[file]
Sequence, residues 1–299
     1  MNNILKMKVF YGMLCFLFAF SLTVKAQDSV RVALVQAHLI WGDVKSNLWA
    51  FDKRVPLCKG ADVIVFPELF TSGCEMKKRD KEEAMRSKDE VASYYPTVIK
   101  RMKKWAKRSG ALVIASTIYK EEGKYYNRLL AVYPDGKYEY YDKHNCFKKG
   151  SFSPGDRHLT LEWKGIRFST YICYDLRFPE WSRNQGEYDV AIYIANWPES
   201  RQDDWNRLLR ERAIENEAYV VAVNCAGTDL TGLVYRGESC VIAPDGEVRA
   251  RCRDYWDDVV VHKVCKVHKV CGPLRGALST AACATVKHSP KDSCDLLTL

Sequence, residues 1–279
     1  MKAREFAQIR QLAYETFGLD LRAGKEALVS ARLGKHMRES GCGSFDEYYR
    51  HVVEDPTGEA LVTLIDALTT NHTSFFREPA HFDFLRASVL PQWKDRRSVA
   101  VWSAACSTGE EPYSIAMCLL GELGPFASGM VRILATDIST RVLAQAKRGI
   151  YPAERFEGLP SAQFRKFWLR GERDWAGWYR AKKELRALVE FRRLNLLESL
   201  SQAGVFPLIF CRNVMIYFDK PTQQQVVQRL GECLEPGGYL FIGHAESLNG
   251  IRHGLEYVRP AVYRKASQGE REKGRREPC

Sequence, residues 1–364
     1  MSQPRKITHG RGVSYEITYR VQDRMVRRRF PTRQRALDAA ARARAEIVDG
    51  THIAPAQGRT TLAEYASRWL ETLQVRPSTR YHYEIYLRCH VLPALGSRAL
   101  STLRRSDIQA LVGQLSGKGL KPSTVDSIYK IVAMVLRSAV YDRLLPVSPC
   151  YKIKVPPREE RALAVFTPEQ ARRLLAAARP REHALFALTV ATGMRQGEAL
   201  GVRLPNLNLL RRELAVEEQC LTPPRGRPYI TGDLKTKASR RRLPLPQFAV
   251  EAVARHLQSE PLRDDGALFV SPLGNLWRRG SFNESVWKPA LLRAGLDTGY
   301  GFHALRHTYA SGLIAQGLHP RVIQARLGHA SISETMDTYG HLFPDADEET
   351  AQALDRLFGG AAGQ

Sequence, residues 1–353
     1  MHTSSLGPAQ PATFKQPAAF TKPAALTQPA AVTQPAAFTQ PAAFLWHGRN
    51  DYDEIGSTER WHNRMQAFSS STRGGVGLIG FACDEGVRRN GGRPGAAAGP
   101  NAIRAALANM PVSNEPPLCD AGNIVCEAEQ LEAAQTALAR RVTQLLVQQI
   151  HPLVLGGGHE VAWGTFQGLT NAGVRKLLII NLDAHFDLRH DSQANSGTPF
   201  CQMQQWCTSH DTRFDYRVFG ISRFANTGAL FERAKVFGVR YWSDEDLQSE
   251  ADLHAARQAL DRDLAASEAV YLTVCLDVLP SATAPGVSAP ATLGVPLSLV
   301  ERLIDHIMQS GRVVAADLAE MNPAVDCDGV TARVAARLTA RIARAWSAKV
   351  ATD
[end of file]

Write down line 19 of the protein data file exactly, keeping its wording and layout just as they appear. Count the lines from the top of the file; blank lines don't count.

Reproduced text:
   151  YKIKVPPREE RALAVFTPEQ ARRLLAAARP REHALFALTV ATGMRQGEAL